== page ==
Newsletter | May 2018
Dear CPC friends and colleagues:
The inaugural webinar for the CPC Learning Network and LINEA 2018 Joint Webinar Series will be today, May 31, 2018 from 8:00 AM - 9:30 AM EDT: Nigeria turns purple! Innovative approaches to creating and measuring social norms change: experience from Voices for Change in Nigeria. We invite you to register for this exciting webinar via the registration link
We are also pleased to include updates to the Measuring Separation in Emergencies (MSiE)Measuring Impact Through a Child Protection Index (CPI), and COMPASS projects. These projects highlight the research that the CPC Learning Network continues to contribute to, and we would like to acknowledge and thank all of our wonderful partners who make this research possible!
This month, we also want to highlight transitions within the CPC team, welcoming Nicolas Makharashvili as a new Senior Program Officer and saying farewell to our incredible Graduate Research Assistants and Intern!
Finally, at the bottom of the newsletter, you will find hot-off-the-presses information about this year's CPC biennial meeting, which we will co-host with our affiliate PUSKAPA, the Center on Child Protection and Well-Being.  To be hosted in Bali, Indonesia, from December 12th through 14th, the VOICE (Viable and Operable Ideas for Child Equality) conference will feature three themes--children and migration, harmful social norms, and children and technology--and the call for papers and ideas is OPEN!

As always, feel free to send us any updates to share with the network.
Peace and warm wishes,
Mark Canavera and Lindsay Stark, co-Directors
Webinar Today!
Webinar: Nigeria turns purple! Innovative approaches to creating and measuring social norms change: experience from V4C in Nigeria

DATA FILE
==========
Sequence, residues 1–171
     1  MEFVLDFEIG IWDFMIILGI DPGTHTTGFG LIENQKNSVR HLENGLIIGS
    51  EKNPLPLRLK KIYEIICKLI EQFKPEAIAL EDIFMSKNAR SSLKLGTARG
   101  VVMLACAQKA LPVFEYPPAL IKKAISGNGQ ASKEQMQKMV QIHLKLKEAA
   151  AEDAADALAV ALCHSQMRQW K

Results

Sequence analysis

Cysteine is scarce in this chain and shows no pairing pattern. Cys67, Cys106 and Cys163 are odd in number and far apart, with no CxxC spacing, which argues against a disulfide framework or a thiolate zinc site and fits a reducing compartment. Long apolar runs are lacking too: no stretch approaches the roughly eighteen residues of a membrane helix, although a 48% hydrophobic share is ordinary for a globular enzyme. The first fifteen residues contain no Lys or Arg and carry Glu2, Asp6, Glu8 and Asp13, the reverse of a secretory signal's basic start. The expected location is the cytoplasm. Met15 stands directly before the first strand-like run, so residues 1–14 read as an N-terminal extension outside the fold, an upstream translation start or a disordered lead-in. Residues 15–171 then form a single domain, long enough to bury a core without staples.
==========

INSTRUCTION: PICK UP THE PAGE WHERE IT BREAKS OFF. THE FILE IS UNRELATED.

In collaboration with the Learning Initiative on Norms, Exploitation, and Abuse (LINEA) at the London School of Hygiene and Tropical Medicine, the CPC Learning Network is looking forward to the first webinar in our joint webinar series! Voices for Change (V4C) sought to strengthen the enabling environment for young women’s empowerment in Nigeria. It did this by taking a norms marketing approach to inspire young people’s attitudinal and behaviour change towards: women’s role in household decision-making, women’s leadership, and violence against women and girls. In this webinar, we will take you through the innovations, lessons, and challenges. We will share insights around the robust monitoring system developed to track changes in young people’s attitudes and behaviours, how the change happened, and the audience response to the mass-media communications. This webinar will be May 31, 2018 at 8:00 AM EDT.
Register for the webinar here, and check the CPC website for upcoming webinar announcements. (Hint: the next webinar is in just two weeks!)
Register!
Articles and Resources from CPC Learning Network Faculty and Institutional Affiliates
Article: Using a population-based survey approach to estimate child separation after a natural disaster: findings from post-Hurricane Haiti
CPC Director Lindsay Stark, Research Associate Gary Yu, and colleagues recently published an article on using a population-based survey approach to estimate child separation in post-Hurricane Haiti.  This study, undertaken on behalf of The Alliance for Child Protection in Humanitarian Action, in collaboration with Save the Children, explores findings of a population-based approach to measure the prevalence of unaccompanied and separated children (UASC) during the Hurricane Matthew aftermath in Haiti. This study is the first known attempt to measure the prevalence of child separation following a natural disaster. Overall, the rates of separation were relatively low. Similarities between primary and secondary reports of child separation via the Neighborhood Method indicate that this may be a viable approach to measuring UASC in certain contexts. This study is part of the Measuring Separation in Emergencies (MSiE) project.